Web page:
The Odroid N2L is smaller than the Raspberry Pi 4 but is it better?

An interesting review of the Odroid N2L by DIY Dr.K (above). He made a gaming system out of it with some good-looking performance for Dreamcast, PSP, PS2, and GameCube emulation. And, as he mentions, it is smaller than the Raspberry Pi 4, cheaper, and suggests a performance boost on it and its Odroid predecessor, the N2+. So should we all flock to buy it? Here are some other opinions:

Now smaller than a Raspberry Pi 4, the Odroid N2L makes a fine alternative if you don’t mind that there’s no Wi-Fi, Bluetooth or Ethernet. Its six-core processor is made up of four Cortex-A73 cores which at up to 2.4GHz are faster than the 1.5GHz quad-core A-72 model in the Pi, and adds a couple of A-53 efficiency cores too, plus a Mali-G52 GPU. RAM comes in the form of either 2GB or 4GB of LPDDR4 running at 3216 MT/s, and there’s both an eMMC socket and Micro SD card slot for storage. 

Tom’s Hardware

The new ODROID-N2L lacks built-in support for Ethernet, WiFi, or Bluetooth. You’ll need a USB adapter to add any form of network connectivity. There are fewer USB ports and no dedicated audio jacks. And the processor runs at a slightly lower speed.

But Hardkernel says the smaller size makes it easier to mount the ODROID-2NL “inside a variety of small devices,” and that it’s suitable for robots, drones, arcade consoles or other systems that may not require built-in networking support.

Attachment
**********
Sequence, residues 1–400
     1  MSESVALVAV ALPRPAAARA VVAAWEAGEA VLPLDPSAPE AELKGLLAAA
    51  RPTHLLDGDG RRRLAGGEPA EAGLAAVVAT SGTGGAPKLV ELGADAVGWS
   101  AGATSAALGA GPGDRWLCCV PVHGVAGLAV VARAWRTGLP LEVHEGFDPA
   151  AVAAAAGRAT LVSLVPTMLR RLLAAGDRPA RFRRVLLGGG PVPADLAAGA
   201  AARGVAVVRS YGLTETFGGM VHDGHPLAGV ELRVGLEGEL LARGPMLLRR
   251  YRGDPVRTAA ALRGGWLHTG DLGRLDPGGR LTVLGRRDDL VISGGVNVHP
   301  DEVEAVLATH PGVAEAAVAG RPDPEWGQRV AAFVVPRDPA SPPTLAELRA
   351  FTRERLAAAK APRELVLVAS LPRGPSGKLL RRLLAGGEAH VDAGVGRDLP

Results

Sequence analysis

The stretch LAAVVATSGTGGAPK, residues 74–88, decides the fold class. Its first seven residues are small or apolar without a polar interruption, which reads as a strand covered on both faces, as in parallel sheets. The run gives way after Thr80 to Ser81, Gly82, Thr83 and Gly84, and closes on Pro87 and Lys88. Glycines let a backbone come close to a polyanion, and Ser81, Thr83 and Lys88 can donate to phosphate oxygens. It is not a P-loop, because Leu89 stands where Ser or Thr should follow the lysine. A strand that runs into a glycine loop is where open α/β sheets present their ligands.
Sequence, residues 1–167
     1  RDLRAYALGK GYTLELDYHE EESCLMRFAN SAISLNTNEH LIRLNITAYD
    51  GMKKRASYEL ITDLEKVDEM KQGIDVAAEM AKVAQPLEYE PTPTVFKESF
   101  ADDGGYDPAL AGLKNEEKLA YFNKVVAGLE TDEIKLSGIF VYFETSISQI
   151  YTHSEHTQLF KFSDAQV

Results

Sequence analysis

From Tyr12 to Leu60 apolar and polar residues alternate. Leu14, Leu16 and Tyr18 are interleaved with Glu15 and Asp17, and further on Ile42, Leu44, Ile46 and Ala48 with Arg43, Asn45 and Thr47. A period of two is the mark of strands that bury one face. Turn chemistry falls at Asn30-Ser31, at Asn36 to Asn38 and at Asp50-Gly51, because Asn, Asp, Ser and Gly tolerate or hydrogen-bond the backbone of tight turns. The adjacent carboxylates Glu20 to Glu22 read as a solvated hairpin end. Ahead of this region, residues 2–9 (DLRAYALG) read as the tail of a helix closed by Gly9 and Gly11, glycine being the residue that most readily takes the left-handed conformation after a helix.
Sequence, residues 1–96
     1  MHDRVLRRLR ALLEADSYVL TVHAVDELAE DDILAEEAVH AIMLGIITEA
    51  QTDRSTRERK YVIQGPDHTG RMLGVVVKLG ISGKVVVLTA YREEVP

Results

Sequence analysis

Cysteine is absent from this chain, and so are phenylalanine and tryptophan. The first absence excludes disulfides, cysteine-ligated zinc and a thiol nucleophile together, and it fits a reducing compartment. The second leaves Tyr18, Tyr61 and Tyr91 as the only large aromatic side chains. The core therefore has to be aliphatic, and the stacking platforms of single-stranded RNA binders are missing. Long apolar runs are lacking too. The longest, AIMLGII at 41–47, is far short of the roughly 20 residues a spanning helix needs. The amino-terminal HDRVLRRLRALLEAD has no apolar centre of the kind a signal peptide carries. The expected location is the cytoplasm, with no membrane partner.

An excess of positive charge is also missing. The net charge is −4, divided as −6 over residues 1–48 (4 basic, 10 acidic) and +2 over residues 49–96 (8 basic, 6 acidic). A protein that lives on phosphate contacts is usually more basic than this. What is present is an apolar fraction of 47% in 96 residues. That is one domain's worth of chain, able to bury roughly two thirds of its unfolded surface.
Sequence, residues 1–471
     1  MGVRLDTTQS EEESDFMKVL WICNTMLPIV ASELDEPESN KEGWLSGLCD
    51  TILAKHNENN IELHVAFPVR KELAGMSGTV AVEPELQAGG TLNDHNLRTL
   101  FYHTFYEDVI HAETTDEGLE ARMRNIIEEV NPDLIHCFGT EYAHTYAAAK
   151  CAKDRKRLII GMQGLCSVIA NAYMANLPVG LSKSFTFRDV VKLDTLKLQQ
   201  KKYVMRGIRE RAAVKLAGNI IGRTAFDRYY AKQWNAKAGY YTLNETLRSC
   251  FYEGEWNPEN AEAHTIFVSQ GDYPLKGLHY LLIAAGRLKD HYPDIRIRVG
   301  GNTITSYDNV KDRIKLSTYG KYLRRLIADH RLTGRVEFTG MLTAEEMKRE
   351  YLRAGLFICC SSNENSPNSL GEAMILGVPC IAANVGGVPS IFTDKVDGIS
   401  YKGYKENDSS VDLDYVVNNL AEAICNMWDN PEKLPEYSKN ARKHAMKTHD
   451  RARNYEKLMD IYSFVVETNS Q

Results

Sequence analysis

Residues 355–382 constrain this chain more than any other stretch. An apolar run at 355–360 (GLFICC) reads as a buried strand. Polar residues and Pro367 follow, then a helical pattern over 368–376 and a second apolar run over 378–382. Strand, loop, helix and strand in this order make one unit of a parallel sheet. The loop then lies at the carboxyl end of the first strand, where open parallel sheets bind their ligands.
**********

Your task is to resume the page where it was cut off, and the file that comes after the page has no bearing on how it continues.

The biggest downside that I see is the complete lack of network connectivity as Ethernet, WiFi, or/and Bluetooth can only be added to the board through (USB) adapters. One of the tricks to make the board smaller was to replace the DDR4 RAM chips with a single LPDDR4 chip that also lowers power consumption and improves performance thanks to a 20% higher DRAM interface clock frequency. It shows in benchmarks as the ODROID-N2L is slightly faster than the ODROID-N2.

CNX Software

Okay, so I’ve repeated the same point three times there: it doesn’t come with fundamental connectivity features. But Hardkernel’s point about its best use case is interesting. Arcade consoles? Perhaps if you just had it running the software you needed and used plug in controllers, you’d be alright. I think given those examples it’s not a like-for-like Raspberry Pi 4 alternative despite performance improvements. But if anyone out there does create a gaming system out of it, let us know in the comments.

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